We tested whether egg-laying female insects could detect differences in predator community composition. Because some predators are more lethal than others, the ability to differentiate predator risk when laying eggs can have large fitness consequences. To test this, we allowed insects to oviposit in tanks that contained a native dragonfly (Ophiogomphus sp.) or a non-native trout brown trout (Salmo trutta). Predators were housed in isolated outdoor tanks either alone (single species) or combined (both species together). Predators were also caged to avoid direct consumption during colonization.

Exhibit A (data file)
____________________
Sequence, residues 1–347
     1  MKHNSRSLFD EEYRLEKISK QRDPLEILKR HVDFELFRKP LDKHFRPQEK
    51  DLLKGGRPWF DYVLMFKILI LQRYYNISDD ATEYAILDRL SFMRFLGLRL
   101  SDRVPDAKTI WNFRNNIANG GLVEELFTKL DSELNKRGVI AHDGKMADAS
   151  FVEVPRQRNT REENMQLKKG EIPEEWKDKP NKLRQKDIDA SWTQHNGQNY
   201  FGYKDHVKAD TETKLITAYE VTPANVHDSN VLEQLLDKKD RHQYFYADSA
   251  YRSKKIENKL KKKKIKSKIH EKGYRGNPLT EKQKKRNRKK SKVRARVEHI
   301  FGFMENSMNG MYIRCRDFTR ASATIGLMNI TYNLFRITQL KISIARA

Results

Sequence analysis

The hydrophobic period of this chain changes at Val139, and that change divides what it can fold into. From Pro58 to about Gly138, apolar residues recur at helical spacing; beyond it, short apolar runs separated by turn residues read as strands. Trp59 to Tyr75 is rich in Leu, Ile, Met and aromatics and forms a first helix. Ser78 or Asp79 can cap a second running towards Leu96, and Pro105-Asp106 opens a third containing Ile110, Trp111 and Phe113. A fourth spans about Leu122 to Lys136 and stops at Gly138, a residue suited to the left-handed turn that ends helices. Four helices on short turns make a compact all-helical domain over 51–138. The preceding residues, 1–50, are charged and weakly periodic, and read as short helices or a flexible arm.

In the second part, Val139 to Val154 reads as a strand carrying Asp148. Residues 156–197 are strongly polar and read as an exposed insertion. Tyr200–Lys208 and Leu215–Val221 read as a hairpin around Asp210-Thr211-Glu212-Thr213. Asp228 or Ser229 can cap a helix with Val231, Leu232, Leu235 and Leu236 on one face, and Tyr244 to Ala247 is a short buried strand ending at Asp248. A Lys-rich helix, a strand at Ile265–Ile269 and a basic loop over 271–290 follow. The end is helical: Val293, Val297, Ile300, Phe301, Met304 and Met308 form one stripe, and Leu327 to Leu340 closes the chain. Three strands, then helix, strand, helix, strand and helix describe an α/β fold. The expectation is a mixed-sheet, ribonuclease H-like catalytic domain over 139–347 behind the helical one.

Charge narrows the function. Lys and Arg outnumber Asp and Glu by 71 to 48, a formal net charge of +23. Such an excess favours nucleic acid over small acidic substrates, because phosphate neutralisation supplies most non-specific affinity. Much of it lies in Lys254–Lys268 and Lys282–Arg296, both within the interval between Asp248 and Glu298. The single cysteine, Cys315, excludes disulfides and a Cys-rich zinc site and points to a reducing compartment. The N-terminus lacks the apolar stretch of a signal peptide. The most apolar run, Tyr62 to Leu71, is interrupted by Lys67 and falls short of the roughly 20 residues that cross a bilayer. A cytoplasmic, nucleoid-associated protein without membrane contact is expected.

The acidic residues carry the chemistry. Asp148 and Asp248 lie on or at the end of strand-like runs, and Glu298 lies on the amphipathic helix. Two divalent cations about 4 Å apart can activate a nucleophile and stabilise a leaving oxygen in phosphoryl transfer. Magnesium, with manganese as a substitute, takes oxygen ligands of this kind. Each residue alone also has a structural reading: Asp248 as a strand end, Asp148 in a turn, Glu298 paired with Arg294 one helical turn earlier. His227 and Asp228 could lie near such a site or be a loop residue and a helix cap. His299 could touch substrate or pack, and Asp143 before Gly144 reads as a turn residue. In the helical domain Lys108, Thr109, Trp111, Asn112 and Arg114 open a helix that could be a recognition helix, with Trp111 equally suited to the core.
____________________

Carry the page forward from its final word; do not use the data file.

Surprisingly, insect colonization (number of larval insects after 21 days) did not depend on whether predators were present or not, regardless of community composition. However, follow-up consumption trials suggested that laying eggs in predator pools had clear negative consequences for larvae, particularly in trout pools, which reduced larval survival by ~47%. Thus, egg-laying insects either did not (or could not) detect differences in larval habitat quality.